6 ways to model a healthy work/life balance

Whether it’s a new term or you simply want to introduce healthier patterns/habits, modelling a healthier work-home balance for kids and teens can help them learn the best ways to reduce stress and handle pressure from deadlines. By showing a more healthy, sustainable balance between our work and home lives, we can also show our kids how to work through any emotional upset from their day, while practising what we preach about relaxation and self-care.

According to research revealed by Barnardo’s, nearly half of children aged 12 feel sad or anxious weekly, while 70% of 16 year olds report feeling this way each week. The main causes? 65% feel overwhelmed by school, 42% worry about their future, and 31% worry about problems at home. A staggering 80% of 16 year olds feel stressed. Could we be unintentionally adding to these feelings of being overwhelmed?

Statistics from the Mental Health Foundation show more than 40% of workers neglect other aspects of their life because of work. This can increase our vulnerability to mental health problems, with common side-effects of this poor work/life balance including stress, irritability and a general unhappiness in how your life currently is. But how many of us are aware of a problem not just for our own well-being, but for our kids as well?

By modelling a healthier work/life balance, we can help demonstrate practical ways in which we manage our responsibilities and stresses, helping them to find and emulate ways that they can apply as their own responsibilities and potential for stress increases. We share six simple ways you can show (not tell) kids and teens how they can achieve a better work/life balance.


Ask: why now?

Working from home can become habit, rather than a necessity. If you need to work out of your regular office hours, try showing a healthy balance by setting yourself a time limit for how long you will work from home. Ask yourself: do I really need to do this now? What is the benefit of working on this now, not tomorrow? If it may make you feel less stressed and more calm ahead of the new day, great; but if it’s just extending the time in which you worry about work deadlines and meetings, this could be worth addressing.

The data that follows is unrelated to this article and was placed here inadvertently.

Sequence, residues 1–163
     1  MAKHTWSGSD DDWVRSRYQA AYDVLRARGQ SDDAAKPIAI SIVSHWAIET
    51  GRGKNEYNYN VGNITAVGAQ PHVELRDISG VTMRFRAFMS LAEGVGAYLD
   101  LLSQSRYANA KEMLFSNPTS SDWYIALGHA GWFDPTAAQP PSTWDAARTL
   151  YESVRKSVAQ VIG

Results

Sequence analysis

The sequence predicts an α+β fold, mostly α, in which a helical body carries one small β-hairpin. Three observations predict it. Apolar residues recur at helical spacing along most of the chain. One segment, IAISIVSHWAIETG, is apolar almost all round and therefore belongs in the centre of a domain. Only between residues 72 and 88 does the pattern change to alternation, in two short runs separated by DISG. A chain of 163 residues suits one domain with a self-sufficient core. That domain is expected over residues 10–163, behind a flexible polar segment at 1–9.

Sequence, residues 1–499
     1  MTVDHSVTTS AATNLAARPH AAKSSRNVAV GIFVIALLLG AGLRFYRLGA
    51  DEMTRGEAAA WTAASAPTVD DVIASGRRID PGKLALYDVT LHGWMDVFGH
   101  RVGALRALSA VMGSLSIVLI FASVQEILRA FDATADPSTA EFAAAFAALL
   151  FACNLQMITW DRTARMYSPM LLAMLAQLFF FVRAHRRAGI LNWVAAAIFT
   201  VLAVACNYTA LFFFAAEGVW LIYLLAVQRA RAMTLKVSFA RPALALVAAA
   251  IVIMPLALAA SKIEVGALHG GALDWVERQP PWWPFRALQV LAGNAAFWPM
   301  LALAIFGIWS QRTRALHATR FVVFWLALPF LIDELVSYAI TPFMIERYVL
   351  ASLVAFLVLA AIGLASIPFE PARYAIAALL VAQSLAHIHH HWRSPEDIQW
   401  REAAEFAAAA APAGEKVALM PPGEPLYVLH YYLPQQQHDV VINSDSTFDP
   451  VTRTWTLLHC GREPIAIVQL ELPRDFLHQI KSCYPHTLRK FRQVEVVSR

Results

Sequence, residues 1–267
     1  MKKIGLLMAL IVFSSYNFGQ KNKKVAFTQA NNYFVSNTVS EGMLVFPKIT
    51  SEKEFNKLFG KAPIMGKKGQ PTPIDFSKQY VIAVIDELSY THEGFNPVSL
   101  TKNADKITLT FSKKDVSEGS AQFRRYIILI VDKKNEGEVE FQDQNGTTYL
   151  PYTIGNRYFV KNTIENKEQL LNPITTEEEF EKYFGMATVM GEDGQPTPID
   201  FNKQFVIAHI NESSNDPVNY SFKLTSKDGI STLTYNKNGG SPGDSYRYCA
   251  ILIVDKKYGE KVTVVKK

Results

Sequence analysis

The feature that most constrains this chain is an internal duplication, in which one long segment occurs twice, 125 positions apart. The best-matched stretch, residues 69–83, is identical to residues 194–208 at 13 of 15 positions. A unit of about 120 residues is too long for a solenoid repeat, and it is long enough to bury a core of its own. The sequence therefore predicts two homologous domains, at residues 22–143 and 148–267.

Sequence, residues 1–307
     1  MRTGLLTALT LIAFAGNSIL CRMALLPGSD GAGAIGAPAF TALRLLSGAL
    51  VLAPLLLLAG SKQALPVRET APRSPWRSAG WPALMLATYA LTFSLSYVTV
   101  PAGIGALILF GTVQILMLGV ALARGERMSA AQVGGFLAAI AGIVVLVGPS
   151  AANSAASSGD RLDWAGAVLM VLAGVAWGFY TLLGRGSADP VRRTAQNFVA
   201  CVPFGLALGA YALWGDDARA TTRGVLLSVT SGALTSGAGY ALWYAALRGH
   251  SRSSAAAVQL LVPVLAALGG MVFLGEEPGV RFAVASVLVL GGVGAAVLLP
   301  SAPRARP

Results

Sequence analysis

young woman works on laptop from home while resting against the sofaIf you do need to complete work outside of your regular hours, try to keep these contained, and try not to let it become a daily habit.

By setting yourself specific time in which you can get extra work done, it can help show kids and teens that completing homework can be beneficial and by not putting things off, it can boost our mood and overall feelings of calmness.

By limiting how long you spend working outside of work hours, you also help reinforce boundaries that it’s OK to switch off, and that work doesn’t need to filter into every spare moment we have.

Put down the work emails

Avoid answering work emails during every spare moment before or during the school run, over dinner, or throughout the night while trying to relax with your family; this can show children a constant pressure to always need to be ‘on’ and ‘available’ for outside influences.

While encouraging a healthy work ethic is commendable, setting the unrealistic expectation that they should be working every spare moment could make them feel more pressured or guilty for taking downtime.

Introduce a family routine

Building a sustainable, stress-reducing routine can help to identify the little and big things that may be causing you (and your family) to feel anxious, overwhelmed, or unprepared. Creating a regular routine can add structure, be reassuring as everyone knows roughly what to expect, while helping to build everyone’s personal responsibilities as they look after their own set of tasks.

By introducing and showing the benefits of an overall family routine, it can help show children and teens how being organised and having a plan can help reduce stress and worries around some things.